Pollinator behaviour and the evolutionary genetics of petal surface texture in the Solanaceae

Change log
Alcorn, Katrina 

Conical cells in the petal epidermis are a common trait across the angiosperms, and influence pollinator behaviour and pollination success. This work explores two key aspects of conical cell evolution: firstly, why conical cells are so prevalent across many diverse species, and secondly, why some species have lost conical petal cells.

Using Petunia flowers to test bee preferences under conditions of motion, we investigate whether the tactile advantage of conical petal cells on complicated flowers can also benefit simple flowers with low inherent tactile difficulty. We find that flower movement increases bee preference for conical-celled flowers. Since motion increases flower attractiveness, a tactile benefit under motion may explain why conical cells have persisted throughout evolution across many diverse flower morphologies.

The major focus of this work is an exploration of conical cell loss using the buzzpollinated genus Solanum. Phylogenetic, molecular developmental and bee behavioural approaches were used to develop an integrated understanding of the frequency, mechanisms and possible causes of conical cell losses. We provide evidence of multiple independent losses of conical petal cells in Solanum. We find that two of these losses have occurred through similar molecular means, that of a change in the expression patterns of regulatory Subgroup 9A (Mixta-Like) R2R3 MYB genes. Bumblebee behavioural experiments show that bees do not display a preference in favour of either conical- or flat-celled flowers while buzz pollinating. These results show that conical cells are a trait under more than a single simple selective pressure, as bumblebee preferences in Petunia, and previously shown in Antirrhinum, differ from those identified by this study in the buzz-pollinated genus Solanum.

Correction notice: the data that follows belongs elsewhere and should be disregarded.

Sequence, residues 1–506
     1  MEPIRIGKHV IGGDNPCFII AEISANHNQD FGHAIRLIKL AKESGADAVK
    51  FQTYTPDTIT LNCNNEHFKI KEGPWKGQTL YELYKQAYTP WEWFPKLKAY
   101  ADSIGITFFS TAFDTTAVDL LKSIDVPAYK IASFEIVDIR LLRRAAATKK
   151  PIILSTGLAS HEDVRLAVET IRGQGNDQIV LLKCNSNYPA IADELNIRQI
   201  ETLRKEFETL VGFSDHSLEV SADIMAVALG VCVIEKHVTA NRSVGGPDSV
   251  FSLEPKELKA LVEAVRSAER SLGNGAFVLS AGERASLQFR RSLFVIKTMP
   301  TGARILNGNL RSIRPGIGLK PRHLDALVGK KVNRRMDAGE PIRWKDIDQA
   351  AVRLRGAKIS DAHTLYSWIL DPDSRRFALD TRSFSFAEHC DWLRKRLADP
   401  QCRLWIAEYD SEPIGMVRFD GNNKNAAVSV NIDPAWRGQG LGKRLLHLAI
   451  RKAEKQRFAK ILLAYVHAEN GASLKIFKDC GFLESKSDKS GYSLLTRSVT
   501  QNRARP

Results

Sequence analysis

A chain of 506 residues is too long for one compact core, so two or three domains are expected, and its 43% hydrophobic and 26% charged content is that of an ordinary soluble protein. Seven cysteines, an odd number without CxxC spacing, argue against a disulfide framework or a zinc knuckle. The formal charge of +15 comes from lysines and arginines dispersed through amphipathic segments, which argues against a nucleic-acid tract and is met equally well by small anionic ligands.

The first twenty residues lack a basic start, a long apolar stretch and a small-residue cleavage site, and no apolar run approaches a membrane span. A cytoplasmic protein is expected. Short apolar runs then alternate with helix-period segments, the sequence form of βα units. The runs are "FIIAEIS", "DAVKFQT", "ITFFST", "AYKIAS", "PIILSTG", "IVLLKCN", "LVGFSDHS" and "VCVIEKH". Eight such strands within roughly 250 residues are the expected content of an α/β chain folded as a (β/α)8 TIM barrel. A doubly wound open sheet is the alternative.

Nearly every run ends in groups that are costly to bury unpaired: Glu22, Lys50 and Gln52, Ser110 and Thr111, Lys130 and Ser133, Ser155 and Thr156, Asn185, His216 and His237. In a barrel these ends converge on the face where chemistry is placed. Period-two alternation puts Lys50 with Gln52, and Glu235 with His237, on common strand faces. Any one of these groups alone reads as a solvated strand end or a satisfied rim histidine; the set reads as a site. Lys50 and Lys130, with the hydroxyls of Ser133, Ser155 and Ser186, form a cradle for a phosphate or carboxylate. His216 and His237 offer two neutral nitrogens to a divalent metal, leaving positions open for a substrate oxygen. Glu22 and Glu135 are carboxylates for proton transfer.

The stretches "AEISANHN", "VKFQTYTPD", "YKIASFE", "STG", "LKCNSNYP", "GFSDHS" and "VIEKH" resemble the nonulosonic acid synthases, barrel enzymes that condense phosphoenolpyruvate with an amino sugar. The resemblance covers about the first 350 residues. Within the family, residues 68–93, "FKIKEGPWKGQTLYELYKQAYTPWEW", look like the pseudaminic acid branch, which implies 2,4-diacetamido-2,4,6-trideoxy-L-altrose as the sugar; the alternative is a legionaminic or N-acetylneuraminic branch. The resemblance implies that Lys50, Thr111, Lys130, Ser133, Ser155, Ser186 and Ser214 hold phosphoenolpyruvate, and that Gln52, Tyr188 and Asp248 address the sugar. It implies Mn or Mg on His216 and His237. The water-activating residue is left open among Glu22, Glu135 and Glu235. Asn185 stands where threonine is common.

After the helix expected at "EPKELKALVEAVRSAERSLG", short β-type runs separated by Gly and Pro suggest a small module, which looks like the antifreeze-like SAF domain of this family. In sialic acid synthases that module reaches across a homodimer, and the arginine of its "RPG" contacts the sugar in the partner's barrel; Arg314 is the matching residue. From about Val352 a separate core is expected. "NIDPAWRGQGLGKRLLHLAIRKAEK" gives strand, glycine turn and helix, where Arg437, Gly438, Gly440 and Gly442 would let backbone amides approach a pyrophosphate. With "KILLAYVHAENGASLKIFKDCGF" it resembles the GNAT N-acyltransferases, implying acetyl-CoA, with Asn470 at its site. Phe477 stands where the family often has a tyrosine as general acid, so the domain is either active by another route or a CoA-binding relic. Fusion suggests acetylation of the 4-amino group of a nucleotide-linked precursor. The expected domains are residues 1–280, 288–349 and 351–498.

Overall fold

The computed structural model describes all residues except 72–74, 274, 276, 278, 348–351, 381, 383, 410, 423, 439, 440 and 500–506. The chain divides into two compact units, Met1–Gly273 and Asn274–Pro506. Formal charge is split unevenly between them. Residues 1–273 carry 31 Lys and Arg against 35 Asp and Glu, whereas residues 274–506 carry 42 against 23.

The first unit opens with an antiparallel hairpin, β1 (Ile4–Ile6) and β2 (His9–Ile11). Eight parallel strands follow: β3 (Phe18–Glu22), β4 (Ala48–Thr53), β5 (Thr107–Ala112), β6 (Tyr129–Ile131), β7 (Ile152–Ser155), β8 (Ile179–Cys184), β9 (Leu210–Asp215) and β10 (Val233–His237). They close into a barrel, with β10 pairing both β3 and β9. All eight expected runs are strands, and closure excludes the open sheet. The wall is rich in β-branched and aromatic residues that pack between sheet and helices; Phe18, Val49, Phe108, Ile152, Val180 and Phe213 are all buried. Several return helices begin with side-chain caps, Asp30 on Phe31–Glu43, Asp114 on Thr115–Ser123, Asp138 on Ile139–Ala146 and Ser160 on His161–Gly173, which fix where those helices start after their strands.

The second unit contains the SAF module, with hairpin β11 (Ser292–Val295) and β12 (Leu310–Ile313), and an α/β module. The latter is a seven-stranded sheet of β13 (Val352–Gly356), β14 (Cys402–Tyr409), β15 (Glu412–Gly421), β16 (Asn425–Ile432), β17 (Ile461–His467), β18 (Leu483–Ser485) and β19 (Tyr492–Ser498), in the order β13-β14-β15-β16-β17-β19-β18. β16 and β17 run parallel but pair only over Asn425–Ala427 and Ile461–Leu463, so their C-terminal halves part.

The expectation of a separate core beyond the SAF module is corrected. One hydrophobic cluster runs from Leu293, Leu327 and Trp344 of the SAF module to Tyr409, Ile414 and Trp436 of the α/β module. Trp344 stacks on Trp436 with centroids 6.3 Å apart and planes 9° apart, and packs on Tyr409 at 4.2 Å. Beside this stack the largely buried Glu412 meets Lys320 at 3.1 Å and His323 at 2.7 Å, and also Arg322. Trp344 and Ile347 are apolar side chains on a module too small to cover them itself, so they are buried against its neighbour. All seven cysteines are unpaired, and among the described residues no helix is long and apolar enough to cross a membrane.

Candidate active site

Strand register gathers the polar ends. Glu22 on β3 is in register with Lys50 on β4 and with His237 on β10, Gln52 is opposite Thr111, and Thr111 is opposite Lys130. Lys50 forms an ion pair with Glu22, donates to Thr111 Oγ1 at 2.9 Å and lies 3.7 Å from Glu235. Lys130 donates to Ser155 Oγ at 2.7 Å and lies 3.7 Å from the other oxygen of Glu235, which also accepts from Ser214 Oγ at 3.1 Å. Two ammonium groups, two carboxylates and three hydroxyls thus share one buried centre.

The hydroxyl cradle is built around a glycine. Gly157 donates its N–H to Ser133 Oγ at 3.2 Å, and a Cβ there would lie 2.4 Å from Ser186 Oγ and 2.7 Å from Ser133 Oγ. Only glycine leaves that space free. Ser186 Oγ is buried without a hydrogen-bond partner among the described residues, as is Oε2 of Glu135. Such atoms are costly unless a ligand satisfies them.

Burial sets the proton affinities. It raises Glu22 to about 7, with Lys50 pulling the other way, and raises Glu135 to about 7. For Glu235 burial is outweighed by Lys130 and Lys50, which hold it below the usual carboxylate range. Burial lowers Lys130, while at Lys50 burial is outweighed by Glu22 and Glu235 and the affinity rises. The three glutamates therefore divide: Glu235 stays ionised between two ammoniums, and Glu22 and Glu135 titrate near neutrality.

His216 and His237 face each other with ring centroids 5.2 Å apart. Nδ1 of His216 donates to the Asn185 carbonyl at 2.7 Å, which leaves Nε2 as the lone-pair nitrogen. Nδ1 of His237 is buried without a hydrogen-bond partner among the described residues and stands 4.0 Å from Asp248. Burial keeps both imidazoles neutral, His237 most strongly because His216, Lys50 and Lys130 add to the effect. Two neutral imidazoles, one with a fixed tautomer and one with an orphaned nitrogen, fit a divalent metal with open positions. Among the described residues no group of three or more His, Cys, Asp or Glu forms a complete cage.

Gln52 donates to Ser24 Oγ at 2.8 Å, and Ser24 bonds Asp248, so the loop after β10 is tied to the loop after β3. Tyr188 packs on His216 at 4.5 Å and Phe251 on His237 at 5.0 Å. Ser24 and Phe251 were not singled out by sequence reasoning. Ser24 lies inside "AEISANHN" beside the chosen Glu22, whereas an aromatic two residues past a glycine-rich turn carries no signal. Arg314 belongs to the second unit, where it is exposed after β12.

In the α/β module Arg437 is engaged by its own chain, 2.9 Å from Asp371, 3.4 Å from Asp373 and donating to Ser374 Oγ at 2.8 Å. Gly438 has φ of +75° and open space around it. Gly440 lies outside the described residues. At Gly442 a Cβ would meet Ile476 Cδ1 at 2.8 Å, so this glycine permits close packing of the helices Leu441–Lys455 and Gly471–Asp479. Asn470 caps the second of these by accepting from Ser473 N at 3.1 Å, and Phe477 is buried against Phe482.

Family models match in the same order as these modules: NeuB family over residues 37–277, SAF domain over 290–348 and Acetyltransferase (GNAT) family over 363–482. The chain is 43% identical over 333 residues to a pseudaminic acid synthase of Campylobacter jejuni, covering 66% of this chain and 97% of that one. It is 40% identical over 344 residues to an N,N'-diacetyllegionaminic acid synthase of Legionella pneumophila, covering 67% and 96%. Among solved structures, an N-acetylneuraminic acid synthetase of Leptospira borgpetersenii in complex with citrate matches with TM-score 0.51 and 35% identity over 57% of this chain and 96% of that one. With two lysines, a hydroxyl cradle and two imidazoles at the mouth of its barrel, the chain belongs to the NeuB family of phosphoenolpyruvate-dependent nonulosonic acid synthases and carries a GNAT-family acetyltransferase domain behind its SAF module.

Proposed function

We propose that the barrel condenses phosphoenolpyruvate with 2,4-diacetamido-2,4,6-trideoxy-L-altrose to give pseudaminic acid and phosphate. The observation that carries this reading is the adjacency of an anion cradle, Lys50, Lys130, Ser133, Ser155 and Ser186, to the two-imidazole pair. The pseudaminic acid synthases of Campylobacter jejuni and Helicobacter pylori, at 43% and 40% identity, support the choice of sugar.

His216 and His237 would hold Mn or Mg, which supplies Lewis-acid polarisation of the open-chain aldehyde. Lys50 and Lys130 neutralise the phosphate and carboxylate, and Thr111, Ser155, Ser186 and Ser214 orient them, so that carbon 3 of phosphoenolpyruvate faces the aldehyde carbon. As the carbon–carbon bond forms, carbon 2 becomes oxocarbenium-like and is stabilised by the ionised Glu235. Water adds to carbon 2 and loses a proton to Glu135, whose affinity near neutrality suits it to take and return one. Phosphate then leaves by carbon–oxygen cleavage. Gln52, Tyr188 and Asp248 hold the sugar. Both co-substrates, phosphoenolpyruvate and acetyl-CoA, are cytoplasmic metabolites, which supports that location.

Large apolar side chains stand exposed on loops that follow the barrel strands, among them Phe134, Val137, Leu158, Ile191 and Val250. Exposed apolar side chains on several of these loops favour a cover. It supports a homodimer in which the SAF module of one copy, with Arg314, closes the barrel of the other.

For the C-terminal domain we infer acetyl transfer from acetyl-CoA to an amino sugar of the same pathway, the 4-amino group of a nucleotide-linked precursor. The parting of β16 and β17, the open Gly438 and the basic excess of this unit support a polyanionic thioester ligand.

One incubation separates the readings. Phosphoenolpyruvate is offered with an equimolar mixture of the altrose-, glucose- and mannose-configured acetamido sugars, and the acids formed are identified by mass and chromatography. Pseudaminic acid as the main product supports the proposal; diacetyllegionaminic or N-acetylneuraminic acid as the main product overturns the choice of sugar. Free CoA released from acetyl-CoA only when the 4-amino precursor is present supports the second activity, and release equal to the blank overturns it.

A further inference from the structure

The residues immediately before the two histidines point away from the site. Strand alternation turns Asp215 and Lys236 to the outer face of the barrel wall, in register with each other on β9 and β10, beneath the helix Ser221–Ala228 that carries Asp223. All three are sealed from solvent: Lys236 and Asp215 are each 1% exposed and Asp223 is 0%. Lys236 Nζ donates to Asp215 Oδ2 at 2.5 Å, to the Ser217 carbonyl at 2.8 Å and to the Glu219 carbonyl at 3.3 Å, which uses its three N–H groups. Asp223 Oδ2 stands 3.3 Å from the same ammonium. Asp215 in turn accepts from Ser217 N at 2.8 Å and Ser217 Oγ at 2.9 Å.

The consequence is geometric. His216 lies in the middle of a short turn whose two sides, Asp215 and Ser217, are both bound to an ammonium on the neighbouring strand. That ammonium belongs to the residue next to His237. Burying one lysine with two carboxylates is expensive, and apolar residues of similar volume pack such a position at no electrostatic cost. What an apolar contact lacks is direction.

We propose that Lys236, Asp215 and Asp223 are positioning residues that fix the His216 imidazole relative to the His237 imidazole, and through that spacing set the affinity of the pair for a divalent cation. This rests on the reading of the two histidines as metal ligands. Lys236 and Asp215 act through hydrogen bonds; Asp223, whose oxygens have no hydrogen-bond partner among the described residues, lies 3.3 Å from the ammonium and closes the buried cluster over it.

These results help expand our understanding of the complex pressures that can act on a single multifunctional trait, as well as providing evidence for the repeatability of evolution on a molecular level.

pollinator, genetics
Awarding Institution
University of Cambridge